On a rainy Thursday in Chelsea, I could hear the cast of the Real Housewives screeching in horror and running for their emergency stash of botox as I walked through visual artist and alternative space powerhouse Martha Wilson’s new exhibition I have become my own worst fear at PPOW Gallery. Characteristically bold, Wilson’s exhibition seems to delve into one of the last taboos of our times: women aging.
Probably best known as the founder of Franklin Furnace Archive, Inc, an alternative space dedicated to preserving artist books, temporary performance art and installations, Wilson has been a staple on the New York alternative art scene since the 1970s. This exhibition at PPOW is made up of photographs and one video that all seem to comment on the realities of aging as a woman.
Investigating all forms of aging, Wilson’s work in I have become my own worst fear presents an in-your-face truth: the deterioration of the idealized female body and the social repercussions of being an older woman. All I could think of in the exhibit was how her work at PPOW was extremely punk. To stare back at both the young pretty gallery workers and the plastic surgery-laden collectors with a photograph like “I have become my own worst fear” (2009), Wilson places herself as the future and the rejected present of these gallery goers.
Delving into the reality of a woman’s body and presence as she ages, the works in I have become my worst fear totally lend themselves to some serious feminist critique. As someone who just graduated with a degree in “Humanities and Social Thought,” I’ve got to restrain myself to not start thumbing through some Helene Cixous, which would be utterly ridiculous. However, these works do present strong statements about the realities of an older women’s changing body and the reflection of these changes in her role in society.
Presenting the changes in age, Wilson’s “Beauty and Beastly: (1974/2009) combines photographs from Wilson’s youth and current photographs. Under the older photograph, the text reads “Beastly” and under the younger photograph, it reads “Beauty.” The self-deprecating humor in the exhibition do mask a real questioning of age and the transformation of the body. Studying this photograph, I found myself comparing different parts of Wilson’s face, looking at her sagging chin-line. The changes in her form are more obvious in comparison.Where these works could be perceived as depressing, Wilson’s humor makes the show a bit lighter and works to mask the serious feminist critique.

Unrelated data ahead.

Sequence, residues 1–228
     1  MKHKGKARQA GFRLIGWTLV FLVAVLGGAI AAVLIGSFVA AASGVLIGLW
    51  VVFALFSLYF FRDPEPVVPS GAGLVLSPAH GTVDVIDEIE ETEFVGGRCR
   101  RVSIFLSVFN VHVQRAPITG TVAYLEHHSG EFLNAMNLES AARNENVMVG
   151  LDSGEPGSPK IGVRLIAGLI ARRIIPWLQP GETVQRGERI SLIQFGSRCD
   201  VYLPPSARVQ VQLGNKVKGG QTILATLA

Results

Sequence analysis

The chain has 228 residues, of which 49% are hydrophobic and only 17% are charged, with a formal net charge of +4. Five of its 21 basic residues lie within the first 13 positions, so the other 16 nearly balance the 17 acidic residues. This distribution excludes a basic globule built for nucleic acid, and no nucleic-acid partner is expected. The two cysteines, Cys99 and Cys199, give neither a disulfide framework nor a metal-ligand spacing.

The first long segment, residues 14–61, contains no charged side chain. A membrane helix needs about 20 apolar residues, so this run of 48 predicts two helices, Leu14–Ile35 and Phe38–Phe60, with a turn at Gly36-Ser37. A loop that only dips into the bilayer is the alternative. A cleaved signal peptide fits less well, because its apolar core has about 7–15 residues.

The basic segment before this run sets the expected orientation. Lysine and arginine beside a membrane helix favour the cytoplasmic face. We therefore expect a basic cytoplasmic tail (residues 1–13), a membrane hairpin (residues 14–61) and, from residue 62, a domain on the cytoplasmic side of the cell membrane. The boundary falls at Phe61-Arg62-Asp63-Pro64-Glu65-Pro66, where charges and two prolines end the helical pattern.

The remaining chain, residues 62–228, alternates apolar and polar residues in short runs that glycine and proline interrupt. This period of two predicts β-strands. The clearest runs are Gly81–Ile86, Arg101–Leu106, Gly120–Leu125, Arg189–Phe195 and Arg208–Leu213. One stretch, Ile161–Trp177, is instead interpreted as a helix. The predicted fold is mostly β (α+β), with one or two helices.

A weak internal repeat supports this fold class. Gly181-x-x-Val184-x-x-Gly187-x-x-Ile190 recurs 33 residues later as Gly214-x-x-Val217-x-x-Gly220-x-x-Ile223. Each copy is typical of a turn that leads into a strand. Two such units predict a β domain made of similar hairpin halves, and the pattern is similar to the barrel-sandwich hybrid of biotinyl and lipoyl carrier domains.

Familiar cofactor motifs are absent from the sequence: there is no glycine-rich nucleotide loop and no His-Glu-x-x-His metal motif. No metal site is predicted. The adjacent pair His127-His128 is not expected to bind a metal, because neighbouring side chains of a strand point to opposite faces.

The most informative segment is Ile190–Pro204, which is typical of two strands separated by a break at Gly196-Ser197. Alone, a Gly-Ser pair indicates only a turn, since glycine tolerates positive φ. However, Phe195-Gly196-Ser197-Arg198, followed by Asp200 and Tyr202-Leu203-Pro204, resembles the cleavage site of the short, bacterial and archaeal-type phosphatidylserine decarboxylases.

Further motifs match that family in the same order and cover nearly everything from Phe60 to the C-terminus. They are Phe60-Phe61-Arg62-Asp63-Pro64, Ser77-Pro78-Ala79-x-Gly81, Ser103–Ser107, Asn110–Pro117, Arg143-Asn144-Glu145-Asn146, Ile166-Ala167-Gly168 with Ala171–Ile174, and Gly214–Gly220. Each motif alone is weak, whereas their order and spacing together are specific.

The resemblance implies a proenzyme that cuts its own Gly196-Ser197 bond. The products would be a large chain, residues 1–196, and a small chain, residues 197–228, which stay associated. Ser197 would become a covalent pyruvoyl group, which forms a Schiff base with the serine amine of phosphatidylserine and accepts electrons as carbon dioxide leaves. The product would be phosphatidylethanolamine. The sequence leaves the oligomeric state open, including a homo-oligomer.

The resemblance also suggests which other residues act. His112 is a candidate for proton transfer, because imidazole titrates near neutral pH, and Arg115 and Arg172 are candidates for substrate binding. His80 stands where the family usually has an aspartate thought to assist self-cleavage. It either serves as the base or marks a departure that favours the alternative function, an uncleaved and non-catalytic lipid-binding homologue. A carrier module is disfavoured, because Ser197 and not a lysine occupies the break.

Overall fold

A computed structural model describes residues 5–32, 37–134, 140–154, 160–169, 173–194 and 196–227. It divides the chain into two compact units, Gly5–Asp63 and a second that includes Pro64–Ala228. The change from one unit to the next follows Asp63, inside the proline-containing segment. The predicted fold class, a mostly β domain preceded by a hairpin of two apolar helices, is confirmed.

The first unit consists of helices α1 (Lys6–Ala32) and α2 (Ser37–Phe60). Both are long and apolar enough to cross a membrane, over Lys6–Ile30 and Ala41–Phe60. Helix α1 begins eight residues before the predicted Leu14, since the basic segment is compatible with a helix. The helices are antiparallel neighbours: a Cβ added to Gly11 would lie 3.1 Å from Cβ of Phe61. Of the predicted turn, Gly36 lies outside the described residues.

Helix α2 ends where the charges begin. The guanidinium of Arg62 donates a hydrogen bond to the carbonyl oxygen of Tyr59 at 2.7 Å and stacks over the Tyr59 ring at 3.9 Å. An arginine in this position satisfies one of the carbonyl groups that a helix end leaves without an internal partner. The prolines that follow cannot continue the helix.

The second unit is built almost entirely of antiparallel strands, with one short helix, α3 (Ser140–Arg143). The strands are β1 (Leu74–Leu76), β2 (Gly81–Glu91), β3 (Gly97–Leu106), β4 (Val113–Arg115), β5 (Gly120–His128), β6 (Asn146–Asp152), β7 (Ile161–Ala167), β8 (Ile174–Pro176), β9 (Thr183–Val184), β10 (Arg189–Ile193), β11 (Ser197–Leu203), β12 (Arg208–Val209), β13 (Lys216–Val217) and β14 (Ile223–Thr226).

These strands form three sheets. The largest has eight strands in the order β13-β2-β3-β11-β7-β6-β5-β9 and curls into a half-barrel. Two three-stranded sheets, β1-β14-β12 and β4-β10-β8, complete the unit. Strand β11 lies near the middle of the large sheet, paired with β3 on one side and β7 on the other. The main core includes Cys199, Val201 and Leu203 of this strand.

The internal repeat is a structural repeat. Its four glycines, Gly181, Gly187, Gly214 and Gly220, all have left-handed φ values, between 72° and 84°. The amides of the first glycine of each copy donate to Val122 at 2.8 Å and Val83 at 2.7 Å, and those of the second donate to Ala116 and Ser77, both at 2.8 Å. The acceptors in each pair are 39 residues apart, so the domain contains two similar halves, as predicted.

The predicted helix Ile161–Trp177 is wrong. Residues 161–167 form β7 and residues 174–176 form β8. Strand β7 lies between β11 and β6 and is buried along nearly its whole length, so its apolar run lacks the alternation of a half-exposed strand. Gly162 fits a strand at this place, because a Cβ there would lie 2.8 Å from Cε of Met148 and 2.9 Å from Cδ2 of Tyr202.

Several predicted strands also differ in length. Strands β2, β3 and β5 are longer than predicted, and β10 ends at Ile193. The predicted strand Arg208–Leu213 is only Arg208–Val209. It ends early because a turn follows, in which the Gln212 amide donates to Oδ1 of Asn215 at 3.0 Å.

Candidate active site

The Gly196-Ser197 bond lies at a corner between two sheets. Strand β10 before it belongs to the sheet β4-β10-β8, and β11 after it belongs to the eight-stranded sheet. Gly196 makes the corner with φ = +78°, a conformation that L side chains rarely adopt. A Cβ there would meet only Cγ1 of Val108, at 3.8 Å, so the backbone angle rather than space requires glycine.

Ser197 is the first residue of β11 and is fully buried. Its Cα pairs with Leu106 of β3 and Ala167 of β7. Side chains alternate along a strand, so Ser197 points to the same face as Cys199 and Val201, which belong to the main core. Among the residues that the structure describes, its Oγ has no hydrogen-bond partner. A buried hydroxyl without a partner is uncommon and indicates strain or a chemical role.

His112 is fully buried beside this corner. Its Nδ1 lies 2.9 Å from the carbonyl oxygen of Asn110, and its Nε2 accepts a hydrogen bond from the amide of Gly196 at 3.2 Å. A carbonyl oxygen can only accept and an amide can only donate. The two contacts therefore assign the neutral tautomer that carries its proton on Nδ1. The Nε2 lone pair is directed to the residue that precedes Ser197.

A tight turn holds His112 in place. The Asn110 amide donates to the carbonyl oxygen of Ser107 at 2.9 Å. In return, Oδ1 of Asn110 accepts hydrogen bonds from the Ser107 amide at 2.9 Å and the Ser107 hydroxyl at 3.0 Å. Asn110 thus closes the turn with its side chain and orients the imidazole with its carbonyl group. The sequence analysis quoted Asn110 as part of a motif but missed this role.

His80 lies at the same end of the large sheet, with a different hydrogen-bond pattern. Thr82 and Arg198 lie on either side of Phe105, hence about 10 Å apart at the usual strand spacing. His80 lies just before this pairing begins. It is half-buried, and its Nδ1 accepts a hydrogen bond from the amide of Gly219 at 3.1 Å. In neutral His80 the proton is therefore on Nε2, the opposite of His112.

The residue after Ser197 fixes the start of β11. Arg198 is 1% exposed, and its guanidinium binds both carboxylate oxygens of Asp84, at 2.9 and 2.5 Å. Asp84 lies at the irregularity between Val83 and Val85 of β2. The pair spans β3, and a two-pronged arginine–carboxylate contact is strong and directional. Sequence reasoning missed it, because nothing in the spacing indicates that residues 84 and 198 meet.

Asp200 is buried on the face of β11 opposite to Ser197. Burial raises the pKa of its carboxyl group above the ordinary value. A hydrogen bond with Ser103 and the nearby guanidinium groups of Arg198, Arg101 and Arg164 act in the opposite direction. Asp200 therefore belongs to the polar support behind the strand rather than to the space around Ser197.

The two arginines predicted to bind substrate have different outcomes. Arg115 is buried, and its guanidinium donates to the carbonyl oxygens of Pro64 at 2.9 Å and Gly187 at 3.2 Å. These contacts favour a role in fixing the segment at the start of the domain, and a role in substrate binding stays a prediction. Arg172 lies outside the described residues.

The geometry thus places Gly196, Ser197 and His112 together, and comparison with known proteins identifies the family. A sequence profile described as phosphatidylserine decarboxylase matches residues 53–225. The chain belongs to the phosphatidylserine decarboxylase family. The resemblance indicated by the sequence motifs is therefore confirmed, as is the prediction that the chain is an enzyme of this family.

Dressed up like former President Bill Clinton, Wilson presents the masculinity in the aging woman. As we age, both men and women become more like each other. Almost like a more radical Cindy Sherman, Wilson dressed up like Bill Clinton is both hilarious and actually serious. Besides the aging theme, the title of the piece reflects Wilson’s fascination with their middle names “Jefferson” and “Story,” which oddly seem to mirror their lives.
In her Growing Old series of photographs with the beautiful “Growing Old (Chrysanthemum)” in the center, Wilson documents her greying hair over a period of time as she lets the color grow out of her hair. Having seen Wilson in person a few times at lectures and various gallery openings, her punky half-white, half-reddish orange hair is unquestionably her trademark. Looking at the progression of her dyed hair growing out, its almost as if she is barely recognizable with the grey hair.
In “Invisible” (2011), Wilson, hiding her recognizable hair, dresses in sloppy clothes in a bodega. Unreadable as male or female, Wilson does appear to recede into the dingy background. Many older women, or so I’ve been told by a few family members, feel completely invisible.
Even though Wilson does explore serious topics about feminism and age, Wilson’s sense of humor like in “Marge/Martha/Mona” (2009) really shines through these works. The ability to make light of what could be a possibly shrill, whiny exhibition about aging is why Wilson is such a strong artist and personality.
While other artists such as Marina Abramović have confronted their own aging, Wilson’s humor makes it more palatable. Blunt and in-your-face, Wilson’s take on aging seems to be fairly punk. Not trying to appear beautiful or perfect, Wilson presents some of the most horrible photographs of herself in the PPOW exhibition.
This raises my question: Is it punk to age ungracefully? Certainly most, if not all, of the male punk musicians have managed to do it. For a woman, it seems like throwing your aging body in the face of the general public like Wilson has done is completely punk.
Now I know my plans for when I’m older: forget the botox and bring on the Manic Panic.
Martha Wilson’s I have become my own worst fear will be at the PPOW Gallery until October 8, 2011